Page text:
How Melatonin Might Impact Your Eye Health

Melatonin works in your brain to regulate your sleep cycle because it kicks in when there's less light. Although your body produces it naturally, many of us take a melatonin supplement to help with occasional sleeplessness, jet lag, some sleep disorders in children, and pre-surgery anxiety. You might not know that melatonin can also improve the health of your eyes.

Glaucoma is a group of eye diseases that can cause damage to the optic nerve, leading to vision loss and even blindness if left untreated. The condition is usually caused by increased pressure within the eye, which can damage the optic nerve over time. A 2021 study in the Journal of Pineal Research had glaucoma patients take melatonin in the evening for three months. The melatonin stabilized the patients' circadian rhythms and improved the intraocular pressure. The supplement also improved the function of the retinal ganglion cells in those patients with advanced glaucoma.

Melatonin can improve other eye conditions, too

Uveitis is an eye condition that causes inflammation in the uvea, which is the middle layer of the eye. The uvea contains many blood vessels and is responsible for supplying blood to the retina and other parts of the eye. According to a 2008 article in The American Journal of Pathology, melatonin reduced the inflammation associated with this condition in laboratory animals.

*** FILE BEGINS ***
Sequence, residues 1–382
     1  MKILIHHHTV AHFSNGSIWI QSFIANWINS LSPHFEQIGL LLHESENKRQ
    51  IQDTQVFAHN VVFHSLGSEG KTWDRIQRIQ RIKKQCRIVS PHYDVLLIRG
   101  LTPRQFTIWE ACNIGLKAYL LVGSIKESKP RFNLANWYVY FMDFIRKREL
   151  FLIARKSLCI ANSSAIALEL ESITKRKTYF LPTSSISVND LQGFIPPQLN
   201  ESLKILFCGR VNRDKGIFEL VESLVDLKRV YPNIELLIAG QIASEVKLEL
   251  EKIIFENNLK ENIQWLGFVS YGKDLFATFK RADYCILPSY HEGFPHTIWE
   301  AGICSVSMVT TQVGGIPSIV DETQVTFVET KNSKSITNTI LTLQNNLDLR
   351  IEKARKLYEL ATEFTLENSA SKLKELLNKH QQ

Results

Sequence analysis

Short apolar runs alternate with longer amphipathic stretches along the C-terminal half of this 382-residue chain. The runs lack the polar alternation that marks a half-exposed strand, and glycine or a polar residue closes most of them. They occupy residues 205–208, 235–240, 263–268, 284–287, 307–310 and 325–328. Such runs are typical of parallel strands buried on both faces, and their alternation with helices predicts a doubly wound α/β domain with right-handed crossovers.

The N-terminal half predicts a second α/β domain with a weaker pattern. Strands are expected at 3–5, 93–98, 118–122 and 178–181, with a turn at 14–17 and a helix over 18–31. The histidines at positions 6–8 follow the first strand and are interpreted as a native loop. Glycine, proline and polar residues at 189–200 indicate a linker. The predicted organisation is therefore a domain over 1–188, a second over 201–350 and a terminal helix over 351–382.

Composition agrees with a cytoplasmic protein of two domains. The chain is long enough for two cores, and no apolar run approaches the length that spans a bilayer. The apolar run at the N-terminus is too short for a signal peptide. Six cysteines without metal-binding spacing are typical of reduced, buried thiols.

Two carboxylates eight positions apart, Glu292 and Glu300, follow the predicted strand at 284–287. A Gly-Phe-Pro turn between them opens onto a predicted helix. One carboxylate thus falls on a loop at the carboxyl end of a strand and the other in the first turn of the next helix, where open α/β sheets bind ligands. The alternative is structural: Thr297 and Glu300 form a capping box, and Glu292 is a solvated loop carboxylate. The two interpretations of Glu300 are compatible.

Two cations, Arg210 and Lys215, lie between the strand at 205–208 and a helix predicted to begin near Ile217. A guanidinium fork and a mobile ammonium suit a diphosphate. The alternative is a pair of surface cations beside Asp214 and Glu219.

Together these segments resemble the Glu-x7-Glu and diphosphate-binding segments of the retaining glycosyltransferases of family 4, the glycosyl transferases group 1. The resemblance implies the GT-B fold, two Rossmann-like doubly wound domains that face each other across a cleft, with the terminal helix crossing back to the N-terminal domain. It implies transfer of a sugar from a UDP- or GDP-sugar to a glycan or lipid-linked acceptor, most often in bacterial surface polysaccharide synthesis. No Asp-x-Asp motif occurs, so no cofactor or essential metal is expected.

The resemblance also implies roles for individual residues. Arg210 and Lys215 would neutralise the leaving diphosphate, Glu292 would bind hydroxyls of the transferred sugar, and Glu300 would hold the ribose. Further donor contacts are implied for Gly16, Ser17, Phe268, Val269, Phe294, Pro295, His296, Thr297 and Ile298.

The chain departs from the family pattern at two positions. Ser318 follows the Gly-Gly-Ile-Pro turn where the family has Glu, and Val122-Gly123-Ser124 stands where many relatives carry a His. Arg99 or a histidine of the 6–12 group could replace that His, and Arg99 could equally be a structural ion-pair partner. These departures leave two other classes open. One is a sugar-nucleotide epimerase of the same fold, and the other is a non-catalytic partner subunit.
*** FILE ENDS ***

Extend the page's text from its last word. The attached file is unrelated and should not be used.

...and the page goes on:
Melatonin might also help with age-related macular degeneration, which is a progressive eye disease that affects the macula. The macula is the part of the retina that provides sharp detail to our vision. A 2005 study in the Annals of the New York Academy of Sciences stabilized age-related macular degeneration after giving participants 3 grams of melatonin a day for six months. The majority of the participants in the study showed reduced eye damage.

Oxidative stress can cause damage to the lens of the eye and contribute to developing cataracts. According to a 2022 study in Experimental Eye Research, melatonin can reduce this oxidative stress by activating agents that protect the eye.

Is melatonin safe?

According to the National Center for Complementary and Integrative Health, melatonin is safe for short-term use for sleep problems, but it's not suited for chronic insomnia. There isn't enough evidence for the safety of stronger doses of melatonin for long-term use. Melatonin might interact with other medications, particularly blood thinners and epilepsy drugs, so check with your doctor if you plan to take melatonin. Melatonin is not to be used in people with dementia. Older adults should also be aware that melatonin can stay in their systems longer, which might make them drowsy in the daytime.

Because melatonin is considered to be a supplement in the United States, there are no guarantees about how much melatonin you're getting in your bottle. A 2017 study in the Journal of Clinical Sleep Medicine looked at 31 melatonin supplements found in grocery stores and pharmacies and found some brands to have 83% less or five times more melatonin in the product than was stated on the label. One chewable brand had 9 milligrams of melatonin even though the label said it contained only 1.5 milligrams. Different lots of the same brand can also have varying amounts of melatonin, so be sure you're buying a reputable brand.